As Jackson Pollock said, painting has a life of its own. In my work I try to provoke, through a random process, that the work emerges as something alien and that at the same time it is a reflection of my personality. I rarely have a clear plan of the result I am looking for. I must be attentive to the images that I provoke and recognise intuitively and unconsciously those that in some way satisfy me. To do so, I make the necessary changes, destroying and adding elements, favouring this process that happens naturally and in which I intervene in a limited and respectful way. Although abstract forms and figurative elements often coexist in my paintings, I always try to express feelings, seeking timelessness and the independence of the work with respect to references to a concrete reality.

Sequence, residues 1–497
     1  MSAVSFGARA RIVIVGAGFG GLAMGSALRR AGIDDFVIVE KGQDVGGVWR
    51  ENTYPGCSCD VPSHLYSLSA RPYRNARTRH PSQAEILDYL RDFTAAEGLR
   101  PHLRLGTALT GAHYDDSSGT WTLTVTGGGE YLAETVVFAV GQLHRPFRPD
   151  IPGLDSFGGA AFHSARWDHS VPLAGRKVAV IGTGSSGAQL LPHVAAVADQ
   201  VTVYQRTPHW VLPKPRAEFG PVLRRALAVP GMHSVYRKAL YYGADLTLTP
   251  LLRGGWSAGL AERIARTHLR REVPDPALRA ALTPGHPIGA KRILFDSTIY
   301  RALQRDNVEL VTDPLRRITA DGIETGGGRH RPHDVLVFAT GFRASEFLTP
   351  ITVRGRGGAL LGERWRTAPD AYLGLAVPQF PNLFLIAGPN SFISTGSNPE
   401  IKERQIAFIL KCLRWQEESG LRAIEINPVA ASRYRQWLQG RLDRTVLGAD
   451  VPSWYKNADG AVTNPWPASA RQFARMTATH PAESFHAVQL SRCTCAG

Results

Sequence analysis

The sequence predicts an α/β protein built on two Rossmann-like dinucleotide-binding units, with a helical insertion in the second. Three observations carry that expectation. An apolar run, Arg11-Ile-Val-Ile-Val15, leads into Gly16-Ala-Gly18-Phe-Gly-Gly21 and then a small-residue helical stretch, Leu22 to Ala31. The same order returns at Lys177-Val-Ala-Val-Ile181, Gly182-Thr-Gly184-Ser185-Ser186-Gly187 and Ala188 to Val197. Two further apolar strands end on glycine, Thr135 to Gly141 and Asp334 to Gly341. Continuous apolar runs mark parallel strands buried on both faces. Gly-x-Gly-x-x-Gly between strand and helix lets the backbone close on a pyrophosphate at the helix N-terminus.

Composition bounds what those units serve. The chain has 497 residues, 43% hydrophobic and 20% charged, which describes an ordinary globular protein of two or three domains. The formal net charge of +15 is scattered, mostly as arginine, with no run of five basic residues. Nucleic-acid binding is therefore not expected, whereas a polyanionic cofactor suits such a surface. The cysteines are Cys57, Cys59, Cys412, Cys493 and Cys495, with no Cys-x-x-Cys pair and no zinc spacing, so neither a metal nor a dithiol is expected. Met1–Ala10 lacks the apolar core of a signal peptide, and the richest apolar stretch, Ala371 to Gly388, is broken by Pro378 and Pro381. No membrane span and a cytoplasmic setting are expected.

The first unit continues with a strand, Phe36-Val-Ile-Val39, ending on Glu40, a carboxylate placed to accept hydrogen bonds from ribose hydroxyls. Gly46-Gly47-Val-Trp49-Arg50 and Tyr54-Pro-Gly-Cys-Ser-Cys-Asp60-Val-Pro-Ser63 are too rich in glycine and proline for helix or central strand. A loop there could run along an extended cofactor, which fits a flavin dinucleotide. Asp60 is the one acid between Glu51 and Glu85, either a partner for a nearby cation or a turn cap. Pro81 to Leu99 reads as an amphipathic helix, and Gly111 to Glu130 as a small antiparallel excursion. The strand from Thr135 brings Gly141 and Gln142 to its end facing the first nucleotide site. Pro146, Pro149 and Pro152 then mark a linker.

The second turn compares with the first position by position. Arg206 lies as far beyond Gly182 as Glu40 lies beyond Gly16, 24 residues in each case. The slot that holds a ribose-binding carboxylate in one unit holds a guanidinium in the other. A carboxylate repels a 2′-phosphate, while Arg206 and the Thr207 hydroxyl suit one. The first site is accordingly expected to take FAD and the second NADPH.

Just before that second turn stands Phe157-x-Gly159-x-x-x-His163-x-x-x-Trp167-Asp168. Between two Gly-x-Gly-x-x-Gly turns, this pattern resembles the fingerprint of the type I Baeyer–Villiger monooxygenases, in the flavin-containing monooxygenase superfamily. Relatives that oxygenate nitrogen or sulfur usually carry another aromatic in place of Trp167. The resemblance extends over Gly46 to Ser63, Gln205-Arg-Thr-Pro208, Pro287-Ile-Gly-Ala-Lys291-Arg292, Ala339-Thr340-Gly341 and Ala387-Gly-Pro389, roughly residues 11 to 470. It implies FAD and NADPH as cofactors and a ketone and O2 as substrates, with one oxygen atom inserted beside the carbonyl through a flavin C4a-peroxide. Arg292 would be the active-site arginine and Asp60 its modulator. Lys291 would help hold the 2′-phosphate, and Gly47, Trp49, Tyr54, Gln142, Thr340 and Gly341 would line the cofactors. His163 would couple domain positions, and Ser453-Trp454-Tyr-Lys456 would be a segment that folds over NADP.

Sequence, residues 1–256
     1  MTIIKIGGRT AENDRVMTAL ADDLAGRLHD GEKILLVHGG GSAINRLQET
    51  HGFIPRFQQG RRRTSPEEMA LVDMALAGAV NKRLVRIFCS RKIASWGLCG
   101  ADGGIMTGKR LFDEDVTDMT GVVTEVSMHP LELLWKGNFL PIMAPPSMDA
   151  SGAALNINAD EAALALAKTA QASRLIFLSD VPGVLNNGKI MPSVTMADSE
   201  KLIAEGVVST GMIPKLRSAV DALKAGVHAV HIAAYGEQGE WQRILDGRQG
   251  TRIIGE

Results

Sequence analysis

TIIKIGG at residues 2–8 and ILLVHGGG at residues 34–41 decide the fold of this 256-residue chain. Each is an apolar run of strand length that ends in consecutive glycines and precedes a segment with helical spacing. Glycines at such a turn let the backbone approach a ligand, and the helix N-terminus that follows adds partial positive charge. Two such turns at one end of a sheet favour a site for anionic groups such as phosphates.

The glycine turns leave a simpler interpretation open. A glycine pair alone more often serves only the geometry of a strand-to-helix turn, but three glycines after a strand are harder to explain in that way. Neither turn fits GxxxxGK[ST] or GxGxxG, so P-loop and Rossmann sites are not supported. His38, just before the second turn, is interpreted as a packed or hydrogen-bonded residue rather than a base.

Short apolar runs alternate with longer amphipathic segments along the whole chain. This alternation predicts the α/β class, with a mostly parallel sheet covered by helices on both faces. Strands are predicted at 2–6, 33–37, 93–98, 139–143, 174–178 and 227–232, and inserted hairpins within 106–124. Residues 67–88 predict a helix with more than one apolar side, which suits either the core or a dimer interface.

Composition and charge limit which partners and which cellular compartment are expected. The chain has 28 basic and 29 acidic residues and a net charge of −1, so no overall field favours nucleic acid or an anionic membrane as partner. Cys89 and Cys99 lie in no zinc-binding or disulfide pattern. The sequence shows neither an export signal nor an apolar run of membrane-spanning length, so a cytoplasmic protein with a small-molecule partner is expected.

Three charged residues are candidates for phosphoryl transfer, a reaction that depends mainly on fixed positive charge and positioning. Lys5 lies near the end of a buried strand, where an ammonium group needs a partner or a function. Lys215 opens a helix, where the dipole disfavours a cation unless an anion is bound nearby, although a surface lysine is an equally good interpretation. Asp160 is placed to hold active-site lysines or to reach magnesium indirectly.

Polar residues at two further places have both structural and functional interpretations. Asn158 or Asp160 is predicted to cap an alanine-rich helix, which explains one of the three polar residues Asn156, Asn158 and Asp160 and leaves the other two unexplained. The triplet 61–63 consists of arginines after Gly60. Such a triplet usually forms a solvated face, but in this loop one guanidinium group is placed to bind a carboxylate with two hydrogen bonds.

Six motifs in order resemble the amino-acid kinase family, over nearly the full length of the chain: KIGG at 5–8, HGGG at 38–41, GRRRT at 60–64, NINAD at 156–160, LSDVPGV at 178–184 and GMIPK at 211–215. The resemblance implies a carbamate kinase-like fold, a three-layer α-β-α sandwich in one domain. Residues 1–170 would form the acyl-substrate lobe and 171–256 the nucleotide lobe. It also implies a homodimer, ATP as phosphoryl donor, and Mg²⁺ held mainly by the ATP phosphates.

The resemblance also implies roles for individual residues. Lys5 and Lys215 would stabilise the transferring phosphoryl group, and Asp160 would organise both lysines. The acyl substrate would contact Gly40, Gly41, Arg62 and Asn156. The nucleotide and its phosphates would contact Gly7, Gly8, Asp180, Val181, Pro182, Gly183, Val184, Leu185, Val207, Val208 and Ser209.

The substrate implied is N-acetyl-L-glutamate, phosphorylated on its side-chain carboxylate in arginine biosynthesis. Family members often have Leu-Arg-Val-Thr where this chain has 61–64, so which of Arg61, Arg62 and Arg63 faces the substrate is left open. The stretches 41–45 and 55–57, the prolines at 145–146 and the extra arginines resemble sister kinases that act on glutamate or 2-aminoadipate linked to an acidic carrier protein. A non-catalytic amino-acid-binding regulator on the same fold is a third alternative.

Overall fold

(San Sebastián, 1960)